The talk is titled, "The Musical Heritage of Bosnia-Herzegovina" and is organised by the Bosnian Institute in the Boardroom at the University of Westminster. It is a dry, academic presentation with five brief bits of music recorded between 1907 and 1939. The originals have been badly preserved, and it is hard to make out. But it isn't the music that draws the audience so much as the name of the country that has come to mean so many things to people.
Afterwards almost half of the audience retires to the pub, and over cigarettes my interrogation begins. I am neither Bosnian, nor British, and my contention that I'm an Indian writer interested in Bosnia does little to curb the disbelief. Since I admit, beforehand, that I have never visited the country, suspicion settles over me like a cloud.
He Makes Me Happy About My Country
"Why Bosnia?" Aida asks. Born in Bosnia, having grown up in Sweden, she works as a clinical pharmacologist in London.
"Because Bosnia is a success," I reply.
"What makes you say that?"
It is then that I begin to tell her what the siege of Sarajevo, the longest and most brutal siege in modern history has meant to those outside of Bosnia. I tell her of what it meant that the city survived, and that its people, variegated as they were, suffered and survived together. I tell her what it means that, when the siege finally came to an end, the survivors were able to point to all the cathedrals still standing in the city while mosques were being torn down across the land.
"The world failed Bosnia," I say, "but Bosnia didn't fail itself. It has been more than a decade and there have been no pogroms, no widespread revenge killings. In all the world there has never been a case of so many refugees returning so quickly to the places where they had been driven from; to live among their former enemies. There are many problems, many failures, but look at Israel and Palestine, look at Sri Lanka, look at Kashmir. None of them compare with Bosnia-Herzegovina."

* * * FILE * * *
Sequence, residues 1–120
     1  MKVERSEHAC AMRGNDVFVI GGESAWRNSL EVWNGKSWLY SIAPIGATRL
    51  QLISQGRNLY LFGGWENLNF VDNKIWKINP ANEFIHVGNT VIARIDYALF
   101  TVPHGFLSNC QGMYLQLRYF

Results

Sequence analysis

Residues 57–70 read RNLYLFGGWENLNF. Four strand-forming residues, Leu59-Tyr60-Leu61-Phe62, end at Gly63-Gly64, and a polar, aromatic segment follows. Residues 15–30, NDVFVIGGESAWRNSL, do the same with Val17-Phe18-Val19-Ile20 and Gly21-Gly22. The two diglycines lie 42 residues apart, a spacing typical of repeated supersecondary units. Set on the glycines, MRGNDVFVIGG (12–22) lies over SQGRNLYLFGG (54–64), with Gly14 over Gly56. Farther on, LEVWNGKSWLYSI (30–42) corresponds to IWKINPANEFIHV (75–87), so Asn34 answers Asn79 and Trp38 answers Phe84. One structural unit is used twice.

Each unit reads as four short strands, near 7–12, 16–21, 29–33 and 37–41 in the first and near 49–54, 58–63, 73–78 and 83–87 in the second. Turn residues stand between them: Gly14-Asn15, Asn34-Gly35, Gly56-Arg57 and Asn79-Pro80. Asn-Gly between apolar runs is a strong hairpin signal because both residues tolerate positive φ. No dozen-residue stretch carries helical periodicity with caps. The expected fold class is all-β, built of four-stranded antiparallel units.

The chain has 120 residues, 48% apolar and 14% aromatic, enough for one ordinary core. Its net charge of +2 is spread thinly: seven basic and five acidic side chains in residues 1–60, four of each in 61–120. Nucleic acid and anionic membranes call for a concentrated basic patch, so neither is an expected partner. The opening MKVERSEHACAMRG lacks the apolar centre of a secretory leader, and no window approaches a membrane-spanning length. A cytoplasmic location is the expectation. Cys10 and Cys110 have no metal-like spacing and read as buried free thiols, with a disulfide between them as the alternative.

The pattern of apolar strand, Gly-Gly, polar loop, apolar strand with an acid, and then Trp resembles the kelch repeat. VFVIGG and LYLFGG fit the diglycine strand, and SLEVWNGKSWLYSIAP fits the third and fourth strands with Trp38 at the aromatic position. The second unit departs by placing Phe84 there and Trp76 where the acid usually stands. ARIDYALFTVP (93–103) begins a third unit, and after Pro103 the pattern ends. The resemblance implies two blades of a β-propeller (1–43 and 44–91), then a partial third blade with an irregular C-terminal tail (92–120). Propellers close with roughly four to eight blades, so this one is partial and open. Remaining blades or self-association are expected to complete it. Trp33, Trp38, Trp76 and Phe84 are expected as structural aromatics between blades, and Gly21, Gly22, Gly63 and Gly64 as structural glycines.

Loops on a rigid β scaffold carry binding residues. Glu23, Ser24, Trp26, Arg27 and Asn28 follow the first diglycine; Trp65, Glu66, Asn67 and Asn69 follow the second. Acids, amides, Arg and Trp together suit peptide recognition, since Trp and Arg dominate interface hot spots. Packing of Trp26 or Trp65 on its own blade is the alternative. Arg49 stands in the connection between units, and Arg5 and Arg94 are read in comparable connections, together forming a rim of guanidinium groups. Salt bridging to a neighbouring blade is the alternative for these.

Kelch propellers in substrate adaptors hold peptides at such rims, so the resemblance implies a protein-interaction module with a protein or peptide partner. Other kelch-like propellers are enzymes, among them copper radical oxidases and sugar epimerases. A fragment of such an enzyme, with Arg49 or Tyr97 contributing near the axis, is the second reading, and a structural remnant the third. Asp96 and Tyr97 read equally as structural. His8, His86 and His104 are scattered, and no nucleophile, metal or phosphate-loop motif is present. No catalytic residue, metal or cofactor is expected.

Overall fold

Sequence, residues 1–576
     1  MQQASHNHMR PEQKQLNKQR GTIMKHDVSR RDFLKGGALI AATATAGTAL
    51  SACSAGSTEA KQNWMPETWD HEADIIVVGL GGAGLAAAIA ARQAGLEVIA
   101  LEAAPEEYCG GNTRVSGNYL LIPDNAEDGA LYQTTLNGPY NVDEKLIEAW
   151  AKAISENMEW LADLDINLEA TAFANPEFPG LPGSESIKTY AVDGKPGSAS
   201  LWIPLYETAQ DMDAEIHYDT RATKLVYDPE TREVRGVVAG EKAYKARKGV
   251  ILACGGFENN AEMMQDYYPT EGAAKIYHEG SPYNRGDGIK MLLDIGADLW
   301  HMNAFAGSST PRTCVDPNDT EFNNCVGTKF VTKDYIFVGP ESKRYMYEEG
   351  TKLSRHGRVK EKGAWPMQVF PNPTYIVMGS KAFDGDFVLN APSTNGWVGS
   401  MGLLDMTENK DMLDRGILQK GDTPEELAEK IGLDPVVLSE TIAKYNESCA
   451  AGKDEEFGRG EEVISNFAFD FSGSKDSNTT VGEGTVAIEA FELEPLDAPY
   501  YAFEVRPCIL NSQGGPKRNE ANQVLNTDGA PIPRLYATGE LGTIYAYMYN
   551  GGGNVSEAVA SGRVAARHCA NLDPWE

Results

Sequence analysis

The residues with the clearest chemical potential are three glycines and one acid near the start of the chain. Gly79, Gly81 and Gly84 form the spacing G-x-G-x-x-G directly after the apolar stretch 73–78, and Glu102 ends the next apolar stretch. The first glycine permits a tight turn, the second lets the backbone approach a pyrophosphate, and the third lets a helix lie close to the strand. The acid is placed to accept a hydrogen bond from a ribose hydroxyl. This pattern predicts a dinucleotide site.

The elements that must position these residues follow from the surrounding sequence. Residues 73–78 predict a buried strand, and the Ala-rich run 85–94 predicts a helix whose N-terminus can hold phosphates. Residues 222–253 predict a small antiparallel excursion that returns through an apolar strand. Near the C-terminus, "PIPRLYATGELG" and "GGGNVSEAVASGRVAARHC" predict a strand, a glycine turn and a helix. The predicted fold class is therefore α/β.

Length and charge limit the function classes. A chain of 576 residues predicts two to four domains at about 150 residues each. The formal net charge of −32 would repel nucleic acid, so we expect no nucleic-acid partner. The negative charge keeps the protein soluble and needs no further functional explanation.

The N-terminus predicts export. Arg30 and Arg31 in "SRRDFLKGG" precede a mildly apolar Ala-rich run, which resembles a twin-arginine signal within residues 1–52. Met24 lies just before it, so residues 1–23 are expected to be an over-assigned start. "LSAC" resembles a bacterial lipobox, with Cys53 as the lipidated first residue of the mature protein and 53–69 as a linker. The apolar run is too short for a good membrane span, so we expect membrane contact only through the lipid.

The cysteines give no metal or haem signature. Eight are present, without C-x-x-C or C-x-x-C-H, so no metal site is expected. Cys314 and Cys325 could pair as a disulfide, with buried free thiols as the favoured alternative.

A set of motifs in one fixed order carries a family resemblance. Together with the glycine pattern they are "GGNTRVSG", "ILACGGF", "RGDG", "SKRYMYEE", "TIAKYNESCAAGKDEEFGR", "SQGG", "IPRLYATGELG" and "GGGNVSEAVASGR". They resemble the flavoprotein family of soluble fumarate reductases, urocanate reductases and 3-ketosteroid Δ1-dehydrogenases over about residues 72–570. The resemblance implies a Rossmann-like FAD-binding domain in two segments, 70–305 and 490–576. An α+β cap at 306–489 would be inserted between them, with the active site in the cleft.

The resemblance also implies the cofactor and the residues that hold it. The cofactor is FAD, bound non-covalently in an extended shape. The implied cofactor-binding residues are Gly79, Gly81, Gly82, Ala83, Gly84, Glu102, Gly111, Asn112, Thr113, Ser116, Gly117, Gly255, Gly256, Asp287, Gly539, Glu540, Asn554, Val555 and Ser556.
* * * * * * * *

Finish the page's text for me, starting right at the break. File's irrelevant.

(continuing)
Aida's face has grown steadily more serious as I have continued, and I raise my hand to stop the flow of my enthusiasm, and to apologise. This is the Bosnia of my imaginings, I say, not necessarily the country she knows. I apologise if I have offended in my ignorance.
She shakes her head at me, at herself. "I am only serious, not angry. It is just that we have spent so much time thinking of it as a tragedy."
"The tragedy was there, but so are the successes. I don't think we should ignore the second."
She laughs ruefully, and turns to one of the others at the table, "He makes me happy about my country."
Nothing Really Explains It
But I am not done with explaining myself, and Shaila, who questions me next, is blunt.
"So, we are asking ourselves about you and what interest you may have. And I ask if maybe you are with the mujahedin?"
It is halfway to a joke, but only halfway. I say that I am interested in politics, that Bosnia, this country that I have never seen, fascinates me, how, despite its wounds, it has recovered, tried to move on.